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This Malaysian Student Shares What It’s Like To Study In The UK


Hazirah Hakeem •  Nov 14, 2023

This article is written by HHWT Explorer, Naim Hamid.

If you would like to share your story, travel experiences, tips or itinerary with the HHWT community, please fill in the form here

The UK is an ever-popular and well-known travel destination for travellers around the world, but do you ever wonder what it’s like to live there as a Muslim? We spoke to Naim Hamid, a Malaysian student who is studying in Newcastle, about his experiences living there, the vibrant Muslim community he discovered, and the resources available for Muslim students. The UK might be famous for its landmarks, but what's it really like to call it home? Naim shares his story here.

1. Can you share your background and what led you to pursue your studies in the UK?

Selfie with his Muslim friends

My name is Naim Hamid, and I’m from Malaysia. I’m doing my degree in fine arts in Newcastle. I'm pursuing this subject because it has been a passion ever since I was a little kid. Initially, I wanted to continue my studies in Malaysia but my parents suggested that I study overseas to get more experience and learn about different cultures.

2. What was your initial experience like when you first moved to the UK for your studies?

It wasn’t much different from my expectations. However, one thing that I was quite surprised by is how big the Malaysian community here in the UK is.

3. Could you describe the support and resources available for international students, particularly for Muslim students like yourself?

My university fortunately has a Muslim prayer facility, so it helps with Muslims with Friday prayers.

Campus picture

4. How easy or challenging has it been to find halal food options in the UK? Are there any favourite halal eateries you'd recommend?

There are some shops and restaurants that serve halal food. It’s mainly food like kebabs or Asian dishes. One of my favourite halal restaurants closest to my house is Chilli Padi, a Malaysian-owned restaurant that serves Malaysian dishes. My accommodation and school are also within the city centre, and thus everything is within a 10-minute walking distance.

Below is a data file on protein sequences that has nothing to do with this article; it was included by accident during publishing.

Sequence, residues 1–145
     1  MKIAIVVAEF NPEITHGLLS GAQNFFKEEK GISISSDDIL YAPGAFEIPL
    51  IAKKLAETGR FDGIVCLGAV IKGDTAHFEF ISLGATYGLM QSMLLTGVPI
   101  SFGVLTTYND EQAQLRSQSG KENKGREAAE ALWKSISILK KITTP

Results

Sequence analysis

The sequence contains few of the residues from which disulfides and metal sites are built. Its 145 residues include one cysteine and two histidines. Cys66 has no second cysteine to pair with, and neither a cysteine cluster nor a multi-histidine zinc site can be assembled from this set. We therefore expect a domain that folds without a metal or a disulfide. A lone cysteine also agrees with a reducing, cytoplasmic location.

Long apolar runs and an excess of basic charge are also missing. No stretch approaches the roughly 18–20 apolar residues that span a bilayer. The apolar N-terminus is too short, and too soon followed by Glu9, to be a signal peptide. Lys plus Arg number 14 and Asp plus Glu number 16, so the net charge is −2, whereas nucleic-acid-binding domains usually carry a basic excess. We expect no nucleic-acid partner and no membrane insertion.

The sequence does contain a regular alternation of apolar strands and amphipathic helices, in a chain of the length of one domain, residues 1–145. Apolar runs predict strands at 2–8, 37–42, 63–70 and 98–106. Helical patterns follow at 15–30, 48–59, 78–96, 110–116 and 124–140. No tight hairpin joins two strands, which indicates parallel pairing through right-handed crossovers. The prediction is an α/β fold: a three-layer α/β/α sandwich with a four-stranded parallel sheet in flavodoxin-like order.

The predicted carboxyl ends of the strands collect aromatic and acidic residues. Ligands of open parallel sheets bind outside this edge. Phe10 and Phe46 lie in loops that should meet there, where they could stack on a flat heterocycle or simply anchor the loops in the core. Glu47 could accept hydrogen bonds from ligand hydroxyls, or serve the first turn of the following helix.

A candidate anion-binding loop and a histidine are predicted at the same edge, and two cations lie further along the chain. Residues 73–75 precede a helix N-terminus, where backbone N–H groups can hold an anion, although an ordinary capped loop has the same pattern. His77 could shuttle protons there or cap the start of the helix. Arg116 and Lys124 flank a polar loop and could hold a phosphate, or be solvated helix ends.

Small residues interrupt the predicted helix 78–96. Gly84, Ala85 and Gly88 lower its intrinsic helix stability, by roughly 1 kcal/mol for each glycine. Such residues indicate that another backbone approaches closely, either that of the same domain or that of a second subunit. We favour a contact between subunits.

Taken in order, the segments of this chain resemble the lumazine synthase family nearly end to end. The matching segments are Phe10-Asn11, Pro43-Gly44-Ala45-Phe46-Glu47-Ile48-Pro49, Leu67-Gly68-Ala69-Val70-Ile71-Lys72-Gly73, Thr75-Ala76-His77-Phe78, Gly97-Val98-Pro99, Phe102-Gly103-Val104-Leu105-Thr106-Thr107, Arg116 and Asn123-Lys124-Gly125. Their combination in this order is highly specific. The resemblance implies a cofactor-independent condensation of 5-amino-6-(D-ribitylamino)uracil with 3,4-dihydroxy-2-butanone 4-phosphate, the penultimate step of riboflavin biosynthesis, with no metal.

Popular convenience stores, like Tesco, don't have halal options for meat, which can make it hard. However, there is a Muslim neighbourhood located 20 minutes from the city centre so I go there to get halal meat and more!

5. Have you encountered any misconceptions or stereotypes about your culture or faith during your time in the UK?

Personally, I haven’t. Majority of my coursemates are open-minded and understanding. Some friends in my course asked about my religion, my restrictions and so forth when we first met.

Picture of class

6. Have you faced any challenges in interacting with local people in the UK - e.g. in terms of possible Islamophobia or racism towards you?

I haven’t. I believe that most people are more open and curious about different cultures and faiths, and are not that judgemental.

However, I can't say that for everyone. A friend of a friend, who is also a Malaysian, was on the receiving end of Islamophobia, and experienced instances such as being asked to take her hijab off.

7. Can you share some memorable experiences or cultural exchanges you've had with local students or the wider community?

One recent memorable experience is the Palestinian protest. It shows how there are communities, even in the UK, that have no problems with Muslims and are also concerned with our collective well-being.

8. What advice or tips do you have for other international Muslim students who are considering studying in the UK?

Don’t be afraid as there will always be a Muslim community somewhere near you, and it won’t be that hard to find.

We are currently in an era where people are seeking to fix things. Some of the lectures in Art History talks about decolonisation – how Western people can fix their past mistakes of colonisation. I believe this also applies to the Western perception towards Islam. There are slowly starting to be more and more activities and events that are inclusive as well for Muslims.

Picture of him and his Muslims friends

9. In what ways has this experience broadened your perspective and enriched your life?

It’s always interesting to learn about different cultures and perspectives. Second to our Islamic faith, I believe life is all about learning and sharing because I am not just living for myself, I'm living for everyone. I constantly think of how I can help people with the things that I learn. It’s always nice to have a big community of different cultures and faiths that understand one another, and I believe it should exist in every place.

Picture of campus

If you would like to share your story, travel experiences, tips or itinerary with the HHWT community, please fill in the form here

Disclaimer: The opinions expressed in this article are those of the author. They do not reflect the opinions or views of Have Halal, Will Travel.